Alex Winter, where art thou dude? At a time when even Pauley Shore can make a Weasel-free comeback, you are still wandering in the wilderness. For those who clocked out after Bill & Ted's Bogus Journey I have only one word, Freaked. Can you believe that Ortiz the Dog boy is now saving the world on a yearly basis? Bogus, dude.

Bill & Ted's Excellent Adventure was a tremendous hit in 1989 and a sequel was immediately in the works. Where the first film took our stoner heroes through time, Bill & Ted's Bogus Journey upped the ante and took them to hell. Literally, the original title of the film was Bill & Ted Go to Hell. The plot is awash in weird humor and outlandish gags as Bill and Ted attempt to defeat two evil robotic versions of themselves, avoid death, save history, and otherwise remain cool.

Continue reading: Bill & Ted's Bogus Journey Review

White Mischief Review


Good
It's lust and... more lust, under the Kenyan sun. In this pulpy 1940s period piece. On the eve of WWII, British colonists are living high on the hog -- none higher than a British noble (Joss Ackland), who returns to Africa with a hot young wife (Greta Scacchi, mostly naked throughout the film), who promptly gets into all sorts of trouble. Namely this involves an affair with a local womanizer (Charles Dance), who ends up dead, shot in the head, before too long. One of Britain's most notorious and "unsolved" murders, Ackland's character stands trial and ultimately goes free. This very interesting and authentically recreated (the story is true) tale is still a bit cold in the final analysis, though Scacchi hits notes she'd never reach again.

The Three Musketeers (1973) Review


Good
I saw the word "whimsical" used in one product description of this installment of The Three Musketeers, a faithful adaptation of the classic novel, and no word could better describe the film. It's a combination of belly laughs via non-stop sight gags, endless swashbuckling, and only a dab of plot, all of which serve to make this an engaging event movie that takes place in France instead of in space. Packed with classic actors (including Charlton Heston, Christopher Lee, and Raquel Welch), this is a fun, nearly farcical adventure that's definitely worth a look.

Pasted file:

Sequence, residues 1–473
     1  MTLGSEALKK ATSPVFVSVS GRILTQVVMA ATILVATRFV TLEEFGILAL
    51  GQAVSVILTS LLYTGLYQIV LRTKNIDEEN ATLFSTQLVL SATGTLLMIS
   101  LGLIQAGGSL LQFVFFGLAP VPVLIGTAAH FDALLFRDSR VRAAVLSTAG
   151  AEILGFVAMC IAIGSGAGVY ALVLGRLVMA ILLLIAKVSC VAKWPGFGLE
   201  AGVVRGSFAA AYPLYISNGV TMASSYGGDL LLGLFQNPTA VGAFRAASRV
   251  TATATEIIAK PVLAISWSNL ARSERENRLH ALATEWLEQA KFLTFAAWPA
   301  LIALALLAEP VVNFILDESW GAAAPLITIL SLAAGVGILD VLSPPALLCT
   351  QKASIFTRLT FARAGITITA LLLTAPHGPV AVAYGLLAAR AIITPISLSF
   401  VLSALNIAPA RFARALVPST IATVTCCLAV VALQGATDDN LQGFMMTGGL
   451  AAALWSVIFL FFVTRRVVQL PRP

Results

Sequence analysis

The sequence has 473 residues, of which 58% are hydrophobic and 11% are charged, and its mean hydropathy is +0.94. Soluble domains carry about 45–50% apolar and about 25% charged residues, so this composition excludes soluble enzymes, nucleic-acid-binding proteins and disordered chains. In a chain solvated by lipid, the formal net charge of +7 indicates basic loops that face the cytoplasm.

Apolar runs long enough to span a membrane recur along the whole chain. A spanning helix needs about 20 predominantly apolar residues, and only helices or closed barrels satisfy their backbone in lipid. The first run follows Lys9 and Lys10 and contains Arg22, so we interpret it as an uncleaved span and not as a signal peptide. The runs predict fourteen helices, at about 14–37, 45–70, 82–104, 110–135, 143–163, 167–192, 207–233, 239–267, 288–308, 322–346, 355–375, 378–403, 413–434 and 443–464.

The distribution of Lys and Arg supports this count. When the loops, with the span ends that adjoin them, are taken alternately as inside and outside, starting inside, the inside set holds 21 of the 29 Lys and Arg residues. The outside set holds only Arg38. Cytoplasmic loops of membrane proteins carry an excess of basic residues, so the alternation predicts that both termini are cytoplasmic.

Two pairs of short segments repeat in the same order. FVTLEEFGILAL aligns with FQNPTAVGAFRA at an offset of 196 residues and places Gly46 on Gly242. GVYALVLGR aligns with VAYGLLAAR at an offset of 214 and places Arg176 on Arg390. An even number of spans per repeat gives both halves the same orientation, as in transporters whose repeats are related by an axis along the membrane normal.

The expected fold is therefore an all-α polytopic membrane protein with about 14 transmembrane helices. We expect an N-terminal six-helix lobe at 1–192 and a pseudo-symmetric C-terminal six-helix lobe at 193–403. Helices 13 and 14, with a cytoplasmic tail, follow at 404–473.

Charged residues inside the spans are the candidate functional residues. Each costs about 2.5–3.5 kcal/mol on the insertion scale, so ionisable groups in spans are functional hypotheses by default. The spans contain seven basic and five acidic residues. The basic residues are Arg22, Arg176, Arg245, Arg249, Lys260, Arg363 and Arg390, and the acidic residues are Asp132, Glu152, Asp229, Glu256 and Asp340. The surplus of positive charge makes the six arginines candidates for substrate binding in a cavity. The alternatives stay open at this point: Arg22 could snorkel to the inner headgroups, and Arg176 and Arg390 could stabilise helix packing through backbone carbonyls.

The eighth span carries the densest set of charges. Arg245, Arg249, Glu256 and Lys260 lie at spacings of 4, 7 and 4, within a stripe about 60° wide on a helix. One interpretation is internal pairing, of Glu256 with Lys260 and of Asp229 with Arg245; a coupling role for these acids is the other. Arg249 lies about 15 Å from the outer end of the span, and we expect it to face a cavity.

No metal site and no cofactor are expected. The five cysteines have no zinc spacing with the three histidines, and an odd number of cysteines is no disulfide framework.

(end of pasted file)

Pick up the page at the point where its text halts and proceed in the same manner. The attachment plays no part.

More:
Surviving Picasso Review


Grim
If you learn only one thing while watching Surviving Picasso, it will probably be this: Pablo Picasso was a big fat jerk.

Unfortunately, that's about all you'll learn, as Merchant-Ivory's latest exercise in excess sheds little light on the great artiste and leaves the viewer with even less of an understanding as to why Picasso was the man he was.

Continue reading: Surviving Picasso Review

The Apple Review


Grim
This bizarre musical about music, drugs, Orwellian overlords, and the future (it's set in 1994!) doesn't get a lot of respect, and that's because it's pretty much crap. No, we're not wearing metallic ponchos and triangles on our foreheads, but they sure did a good job at guessing what the hairstyles of the '90s would look like. The story involves nefarious goings-on in a mega-powerful record label that isn't really worth describing here, on account of it has no Hasselhoff in it at all. However, I'm sure the backstory about how this movie got made is fascinating.

No Good Deed Review


Terrible
A closer look at No Good Deed reveals a lot of sad truths. You realize that the once terrific Samuel L. Jackson is quickly becoming this generation's Ernest Borgnine, grabbing any role that comes his way. It dawns on you that director Bob Rafelson's last movie of impact was Five Easy Pieces and that was 33 years ago. You nearly shed a tear that Stellan Skarsgård and Doug Hutchison (Percy in The Green Mile), both good actors, are stuck in a barely released feature.

Based on a Dashiell Hammett short story ("The House on Turk Street"), the movie has Jackson playing Jack Friar, a cop who is cajoled into looking for his neighbor's lost girl. While chasing leads, Jackson helps an old lady with her groceries and inadvertently stumbles upon a gang's hideout. He's konked on the noggin, tied up, and supervised by the gang's stock femme fatale, Erin (Milla Jovovich).